Resilient:  "Capable of withstanding shock without permanent deformation or rupture; tending to recover from or adjust easily to misfortune or change".    As opposed to Fragile:  "Easily broken or destroyed; tenuous; slight".

Yes (to use this example), resiliency is having winterized windmills and gas equipment to withstanding freezing temperatures.  But it is also having multiple inputs of power so that if one system goes down, another one is in line to take over.

Two examples, both recent for me:

Here at The Ranch, we are largely electrical.   The heat  and water heater are supplied by propane.  However, my dad (within the last year) also bought a bang up generator to manage through the electrical outages.  And of course, we have a wood stove with a stone top that will heat water for tea, coffee, and oatmeal just fine.   (I suppose if we truly wanted to have more resilience, we would move the stove to propane as well and have some level of solar or even wind here. Oh well, there is always a little more to do that than you have time for).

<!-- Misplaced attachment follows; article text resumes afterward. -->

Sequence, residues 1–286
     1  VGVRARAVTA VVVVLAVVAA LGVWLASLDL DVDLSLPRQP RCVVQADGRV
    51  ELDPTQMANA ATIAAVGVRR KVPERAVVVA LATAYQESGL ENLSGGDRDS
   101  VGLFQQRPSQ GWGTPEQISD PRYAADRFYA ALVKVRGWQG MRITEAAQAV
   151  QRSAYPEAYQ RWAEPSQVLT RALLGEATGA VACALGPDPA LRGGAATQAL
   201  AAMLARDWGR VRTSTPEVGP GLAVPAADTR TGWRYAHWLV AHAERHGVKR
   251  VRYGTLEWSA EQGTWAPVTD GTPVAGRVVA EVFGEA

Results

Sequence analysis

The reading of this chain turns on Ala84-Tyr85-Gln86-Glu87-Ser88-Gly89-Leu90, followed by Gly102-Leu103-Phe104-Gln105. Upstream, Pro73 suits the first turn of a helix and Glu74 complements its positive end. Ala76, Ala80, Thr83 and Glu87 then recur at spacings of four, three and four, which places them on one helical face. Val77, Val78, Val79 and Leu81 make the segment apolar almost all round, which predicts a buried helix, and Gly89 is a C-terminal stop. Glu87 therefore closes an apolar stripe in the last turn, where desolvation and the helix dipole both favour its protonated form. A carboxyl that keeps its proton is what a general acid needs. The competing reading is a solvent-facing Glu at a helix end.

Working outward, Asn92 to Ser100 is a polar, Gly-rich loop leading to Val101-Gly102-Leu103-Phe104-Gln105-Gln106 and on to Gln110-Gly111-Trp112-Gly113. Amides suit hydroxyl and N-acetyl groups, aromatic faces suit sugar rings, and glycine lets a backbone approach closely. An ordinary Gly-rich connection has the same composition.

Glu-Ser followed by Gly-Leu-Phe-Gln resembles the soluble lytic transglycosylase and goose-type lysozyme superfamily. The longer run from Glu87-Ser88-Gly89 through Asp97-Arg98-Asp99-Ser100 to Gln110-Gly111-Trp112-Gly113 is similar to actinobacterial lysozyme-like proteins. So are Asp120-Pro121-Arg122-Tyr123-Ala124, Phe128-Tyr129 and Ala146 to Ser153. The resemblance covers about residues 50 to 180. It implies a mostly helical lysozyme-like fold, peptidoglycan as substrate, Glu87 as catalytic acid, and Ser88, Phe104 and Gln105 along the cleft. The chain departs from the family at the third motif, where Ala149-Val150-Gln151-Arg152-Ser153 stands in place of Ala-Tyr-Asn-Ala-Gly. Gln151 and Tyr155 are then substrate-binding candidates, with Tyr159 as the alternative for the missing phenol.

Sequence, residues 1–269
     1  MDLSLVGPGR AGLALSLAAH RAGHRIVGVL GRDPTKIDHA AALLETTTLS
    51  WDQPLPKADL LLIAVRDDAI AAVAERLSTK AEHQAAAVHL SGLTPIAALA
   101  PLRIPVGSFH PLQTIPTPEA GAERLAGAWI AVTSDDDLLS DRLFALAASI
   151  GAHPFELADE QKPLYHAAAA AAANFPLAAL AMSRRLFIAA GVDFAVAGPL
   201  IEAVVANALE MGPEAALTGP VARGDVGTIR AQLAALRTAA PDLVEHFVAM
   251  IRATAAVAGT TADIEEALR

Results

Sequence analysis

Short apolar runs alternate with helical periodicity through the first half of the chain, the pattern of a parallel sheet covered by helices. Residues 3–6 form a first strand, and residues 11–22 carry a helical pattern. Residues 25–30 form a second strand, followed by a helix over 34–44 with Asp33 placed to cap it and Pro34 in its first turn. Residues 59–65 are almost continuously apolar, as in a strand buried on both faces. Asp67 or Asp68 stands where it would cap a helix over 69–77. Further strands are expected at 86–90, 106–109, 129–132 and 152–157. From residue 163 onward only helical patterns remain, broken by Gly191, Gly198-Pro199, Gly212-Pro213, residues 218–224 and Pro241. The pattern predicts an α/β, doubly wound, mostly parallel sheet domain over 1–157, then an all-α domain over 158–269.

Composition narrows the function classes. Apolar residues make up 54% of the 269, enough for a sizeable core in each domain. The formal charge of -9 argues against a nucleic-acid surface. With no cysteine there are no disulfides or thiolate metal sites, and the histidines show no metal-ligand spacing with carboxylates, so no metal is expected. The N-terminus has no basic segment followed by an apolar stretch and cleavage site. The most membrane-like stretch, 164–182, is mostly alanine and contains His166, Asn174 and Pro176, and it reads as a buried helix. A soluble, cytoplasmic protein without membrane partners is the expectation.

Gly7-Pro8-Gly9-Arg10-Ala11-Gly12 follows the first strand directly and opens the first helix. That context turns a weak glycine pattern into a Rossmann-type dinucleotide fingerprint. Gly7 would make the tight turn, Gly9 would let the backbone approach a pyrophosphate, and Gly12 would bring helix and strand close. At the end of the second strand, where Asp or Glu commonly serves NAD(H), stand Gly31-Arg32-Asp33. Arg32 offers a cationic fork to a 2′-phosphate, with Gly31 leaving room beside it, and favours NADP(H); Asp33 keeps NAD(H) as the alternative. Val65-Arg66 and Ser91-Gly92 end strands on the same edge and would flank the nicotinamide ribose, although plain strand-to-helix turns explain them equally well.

Or another example:  my parents and their planning.  Beyond their reliance on government retirement, they provided for their own.  And also bought long term care in the event that they had medical issues (like they do now).  And hadsavings.  And created a trust years ago to help manage the whole thing through probate and through their own final wishes.

In both of these (admittedly personal and limited) examples, there is a back-up to the system such that if one thing fails, something else can take over.  Perhaps not as effectively, but certainly not the same as loosing something completely and going back to zero.